Long perceived as a top destination for LGBT+ (lesbian, gay, bisexual, transgender/transsexual plus) travellers in Asia, Thailand has quietly been pursuing this niche market segment but it is only this year that the Tourism Authority of Thailand (TAT) is openly coming out to target the pink dollar.
Such is the interest that TAT is now giving to the niche sector that it has spearheaded the first LGBT+ Travel Symposium: Thailand in Bangkok, in addition to being the presenting LGBT partner at ITB Berlin 2018 earlier this year.
The LGBT+ Travel Symposium: Thailand was a two-day networking and educational event that took place at So Sofitel Bangkok on June 29-30, bringing together 55 LGBT+ travel buyers and media from around the world to meet with the Thai travel trade to exchange insights on the best practices in sales, marketing and operations to reach the LGBT+ market worldwide.
Speaking at the LGBT+ Travel Symposium last Friday, Srisuda Wanapinyosak, TAT’s deputy governor of Europe, Middle East, Asia and the America’s Marketing Group, said: “We have been watching the LGBT+ segment with great interest in the last decade. Our aim is to see exponential growth in Thailand as a LGBT+ destination, and we hope to be a model for this segment.”
Encouraging inclusive tourism is a key etho of the TAT, as Thailand is regarded by the LGBT community as a “safe, tolerant and respectful” destination, Srisuda pointed out. “Our mission is to position Thailand as a preferred destination to experience diversity.
“We are proud that LGBT travellers can stay anywhere in Thailand with a complete peace of mind. Our kingdom is open to every possible shade under the rainbow,” she added, a reference to the TAT’s latest Open to the New Shades campaign, which encourages all types of travellers to discover the diversity in experiences in Thailand.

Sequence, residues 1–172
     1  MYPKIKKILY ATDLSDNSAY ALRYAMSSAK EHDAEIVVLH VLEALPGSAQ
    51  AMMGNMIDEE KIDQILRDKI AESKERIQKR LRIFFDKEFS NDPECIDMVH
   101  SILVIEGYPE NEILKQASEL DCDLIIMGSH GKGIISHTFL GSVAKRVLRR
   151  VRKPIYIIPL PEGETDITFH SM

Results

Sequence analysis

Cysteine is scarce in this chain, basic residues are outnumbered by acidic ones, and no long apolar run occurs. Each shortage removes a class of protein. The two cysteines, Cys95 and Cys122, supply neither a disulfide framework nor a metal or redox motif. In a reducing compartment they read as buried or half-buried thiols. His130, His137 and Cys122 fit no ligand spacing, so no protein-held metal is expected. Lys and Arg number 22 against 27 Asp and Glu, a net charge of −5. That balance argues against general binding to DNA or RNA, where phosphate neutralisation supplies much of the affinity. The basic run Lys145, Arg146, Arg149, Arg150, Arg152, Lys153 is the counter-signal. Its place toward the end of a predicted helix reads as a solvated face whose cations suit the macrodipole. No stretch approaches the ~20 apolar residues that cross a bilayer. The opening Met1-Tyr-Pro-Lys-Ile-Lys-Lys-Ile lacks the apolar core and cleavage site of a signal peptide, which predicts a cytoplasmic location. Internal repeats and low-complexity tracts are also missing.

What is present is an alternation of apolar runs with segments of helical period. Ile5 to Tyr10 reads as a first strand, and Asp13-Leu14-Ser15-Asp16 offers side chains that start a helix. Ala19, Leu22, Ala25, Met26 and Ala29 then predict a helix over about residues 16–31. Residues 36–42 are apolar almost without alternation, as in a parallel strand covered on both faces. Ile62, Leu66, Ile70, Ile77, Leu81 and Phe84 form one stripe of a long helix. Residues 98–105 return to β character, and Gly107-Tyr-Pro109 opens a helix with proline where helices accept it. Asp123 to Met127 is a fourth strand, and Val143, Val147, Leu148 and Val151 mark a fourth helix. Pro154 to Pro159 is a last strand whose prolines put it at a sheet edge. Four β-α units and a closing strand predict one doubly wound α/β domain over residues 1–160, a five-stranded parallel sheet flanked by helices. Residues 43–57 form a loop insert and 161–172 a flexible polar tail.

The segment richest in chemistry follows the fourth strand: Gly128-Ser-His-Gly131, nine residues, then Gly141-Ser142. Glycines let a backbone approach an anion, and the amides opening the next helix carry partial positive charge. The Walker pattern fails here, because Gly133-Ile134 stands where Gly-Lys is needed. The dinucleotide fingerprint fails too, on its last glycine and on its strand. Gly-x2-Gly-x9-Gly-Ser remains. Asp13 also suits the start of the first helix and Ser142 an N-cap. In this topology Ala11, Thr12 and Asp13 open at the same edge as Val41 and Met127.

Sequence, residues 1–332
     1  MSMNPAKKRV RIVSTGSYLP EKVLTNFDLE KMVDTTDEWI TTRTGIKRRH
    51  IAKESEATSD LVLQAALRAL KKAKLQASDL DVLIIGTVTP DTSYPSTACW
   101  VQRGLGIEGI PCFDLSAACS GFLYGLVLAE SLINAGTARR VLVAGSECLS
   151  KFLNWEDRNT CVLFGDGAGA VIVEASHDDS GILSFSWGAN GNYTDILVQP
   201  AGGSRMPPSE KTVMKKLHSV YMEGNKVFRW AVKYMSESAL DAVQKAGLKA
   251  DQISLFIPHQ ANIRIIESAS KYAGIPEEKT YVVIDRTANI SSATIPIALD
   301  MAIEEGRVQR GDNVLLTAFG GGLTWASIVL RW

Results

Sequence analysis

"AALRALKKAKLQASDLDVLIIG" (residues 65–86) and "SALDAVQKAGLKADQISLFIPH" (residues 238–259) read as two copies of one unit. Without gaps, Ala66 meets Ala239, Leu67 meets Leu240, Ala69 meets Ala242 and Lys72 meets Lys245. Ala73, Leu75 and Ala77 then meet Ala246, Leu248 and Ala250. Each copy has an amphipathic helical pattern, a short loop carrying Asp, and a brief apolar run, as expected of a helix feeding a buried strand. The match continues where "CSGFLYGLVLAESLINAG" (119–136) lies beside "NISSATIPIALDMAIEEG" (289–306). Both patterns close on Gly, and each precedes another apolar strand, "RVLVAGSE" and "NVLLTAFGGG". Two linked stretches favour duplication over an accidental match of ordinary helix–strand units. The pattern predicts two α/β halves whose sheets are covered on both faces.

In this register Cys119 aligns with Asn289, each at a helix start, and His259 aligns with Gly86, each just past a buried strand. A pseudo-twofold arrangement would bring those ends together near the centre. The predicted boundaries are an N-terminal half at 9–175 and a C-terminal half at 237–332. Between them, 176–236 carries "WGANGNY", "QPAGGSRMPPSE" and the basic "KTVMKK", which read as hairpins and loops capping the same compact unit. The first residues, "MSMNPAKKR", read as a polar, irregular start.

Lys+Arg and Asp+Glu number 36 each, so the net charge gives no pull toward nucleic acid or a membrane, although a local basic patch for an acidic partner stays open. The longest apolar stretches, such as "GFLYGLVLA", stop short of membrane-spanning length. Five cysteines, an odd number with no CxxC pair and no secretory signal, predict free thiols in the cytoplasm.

There’s an economic incentive to this niche segment, of course. Underscoring the importance of this lucrative segment to Thailand, Uwern Jong, editor-in-chief of luxury travel magazine for gay people OutThere and LGBT+ travel ambassador for the TAT, stated: “The total global value of LGBT+ travel is reported at US$200 billion dollars; it grows at an average of eight per cent year-on-year when mainstream travel grows at just 3.8 per cent. LGBT+ people made an estimated 81 million journeys last year.
“Demographically, they earn 22 per cent more than their straight counterparts and on average they spend 55 per cent more on travel, so it’s easy to see that the LGBT+ sector makes a dynamic and influential contribution to the global economy – and it is crucial (as a market) for Thailand,” Jong stressed.
According to Peter Jordan, founder of tourism market intelligence provider Gen C Traveller, the LGBT+ tourism market is not only seeing “increasing visibility”, it is also seeing “increased diversification in products, destinations and events”.
More organisations are starting to take an interest in the LGBT+ sector as a result, which is apparent in UNWTO’s Global Report on LGBT Tourism developed in collaboration with the International Gay and Lesbian Travel Association (IGLTA), for which Jordan has been commissioned as author for the first two editions.
He believes these reports not only mark “a true milestone” for global tourism but also “demonstrates recognition and credibility for the LGBT+ market at the highest level of tourism policymaking”, he added. Soon to be released is the new European Travel Commission and IGLTA joint research Handbook on LGBTQ Tourism in Europe.
The LGBT+ sector is also of interest to PATA, which had entered into an organisational partnership with IGLTA since 2015, shared the organisation’s chief executive Mario Hardy.
But despite a significant shift in societal attitudes towards greater acceptance of LGBT+ people in the last decade, Hardy recognises that this remains “a sensitive topic” and is even taboo in some parts of Asia.
“There is still a lot of work to be done,” he reminded, urging travel sellers to display greater inclusivity and respect to LGBT+ travellers. Simple gestures such as doing away with ‘his & hers‘ slippers or having gender-neutral bathrooms will go a long way in making this group of travellers feel welcomed.